It is not just the historian’s research that tells us that science radically changed at this time: the people who lived through the change were conscious of it. Here is Louis Le Roy, writing in 1575:
There remain more things to be sought out than are already invented and found. Let us not be so simple as to attribute so much to the Ancients that we believe that they have known all and said all, without leaving anything to be said by those who come after them…How many secrets of nature have been first known in this age? I say, new lands, new seas, new forms of men, manners, laws and customs, new diseases and new remedies, new ways of the heavens and of the oceans, never before found out, and new stars seen. And how many remain to be known by our posterity? That which is now hidden, with time will come to light, and our successors will wonder that we were ignorant of them.11
Discovery began, Wootton argues, with the Portuguese sailing toward Asia, and with the cartographers who placed their travels within a global context. It spread from there to the mathematicians, then to the anatomists, and then to the astronomers.12
Beyond the Moon
The astronomy of the Renaissance was Ptolemaic astronomy. It used a bag of tricks (such as equants and epicycles) to make the observed motion of the planets consistent with Aristotle’s supralunary cosmology, in which the stars and planets moved in perfect eternal circles. The exploding of Ptolemaic astronomy was an early achievement of the Scientific Revolution.
Copernicus’s book On the Revolutions of the Heavenly Spheres (1543), which laid out the first heliocentric model of the solar system, is often taken to be the spark that set off that explosion. Its impact was actually quite muted. An unauthorized preface to the book had invited the reader to view the heliocentric model as a simple method for calculating the orbits of the planets, rather than as a physical description of the orbits. Almost all the book’s readers did exactly that.13 Wootton is able to find only three competent astronomers who embraced the physical reality of the heliocentric system within forty years of its appearance in print — and one of them later changed his mind.14
Instead, it was observation of the skies that led to the rejection of Ptolemaic astronomy. The nova of 1572 exhibited no discernible diurnal parallax, indicating that it was far beyond the moon. Measurements of parallax likewise put the comet of 1577 beyond the moon. These findings contradicted Aristotle’s assertion that all transitory phenomena are sublunary. Unfortunately, disputes over measurements — not all astronomers were good astronomers — diluted the impact of these findings.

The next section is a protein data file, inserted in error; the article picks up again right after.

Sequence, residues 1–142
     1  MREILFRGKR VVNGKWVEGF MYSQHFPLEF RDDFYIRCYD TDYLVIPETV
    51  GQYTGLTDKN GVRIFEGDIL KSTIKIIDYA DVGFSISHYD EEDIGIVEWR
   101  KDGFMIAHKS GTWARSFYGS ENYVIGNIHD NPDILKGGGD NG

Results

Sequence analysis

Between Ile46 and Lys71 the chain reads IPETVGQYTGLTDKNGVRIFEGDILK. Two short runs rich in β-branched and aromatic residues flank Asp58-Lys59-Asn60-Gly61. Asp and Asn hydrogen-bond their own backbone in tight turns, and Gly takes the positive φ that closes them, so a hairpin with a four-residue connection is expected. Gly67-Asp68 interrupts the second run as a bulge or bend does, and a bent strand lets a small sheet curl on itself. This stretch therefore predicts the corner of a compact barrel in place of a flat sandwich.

Tycho Brahe published his account of the comet in 1588. His calculations showed that the comet’s path cut through the crystalline spheres that supposedly held the planets in place, leading him to reject the whole idea of the spheres. Galileo’s telescopic observations — of the mountains of the moon in 1609, and of sunspots in 1612 — demonstrated that the supralunary realm was neither perfect nor unchanging. Now, two key elements of Aristotle’s cosmology had been disproved, and Ptolemaic astronomy was looking shaky.
Galileo’s observation of the moons of Jupiter in 1610 provided tacit support for the heliocentric system: if Jupiter can have moons and orbit the sun, so can Earth. Galileo observed the phases of Venus in the same year, and showed that the observed phases could only occur if Venus orbited the sun. This finding did not prove the Copernican system correct (it was also consistent with Tycho Brahe’s system), but it was fatal to Ptolemaic astronomy.
Wootton offers five reasons for the dearth of experimentation before the seventeenth century.15 One reason was simply that scholars did not work with their hands, but each of the remaining reasons relates to the authority that medieval scholars granted to Aristotle and other classical writers.
First, medieval scholars presumed that they had an adequate knowledge of anything that Aristotle discussed at length. They also accepted Aristotle’s belief that sound knowledge was based upon logical deduction; for instance, they knew that all heavenly movement was circular because “if the movement was not circular, empty space would be opened up between the heavenly orbs, and this is impossible, as a vacuum is impossible.”16 Experiments could be usefully employed only if Aristotle had not pronounced upon an issue, and if scholarly logic had failed to clarify it. Those prerequisites didn’t leave experimentalists much room to maneuver.
Second, medieval scholars were influenced by the Greek search for eternal truths that transcended the physical world. Euclid’s geometry was true knowledge, while cartography was merely a skill. This mindset made the scholars unsuited for experiments, which involve an interplay between the abstract and the concrete.
Third, Aristotle had argued that the rules governing the behaviour of natural objects differ from those governing the behaviour of constructed objects. The former are internally designed and the latter have their design imposed upon them by the builder, and in each case, the objects follow the rules imposed by their design. This claim clearly undercuts experimentation, which assumes that natural and constructed objects follow the same rules. Francis Bacon, who regarded Aristotle as an impediment to progress, rejected this belief in 1620: “Artificial things differ from natural things not in form or essence, but only in the efficient.”17
Fourth, as argued above, the concept of discovery did not arise until the sixteenth century. Experimentation before this time was largely a matter of tidying up loose ends, of which there were presumed to be few.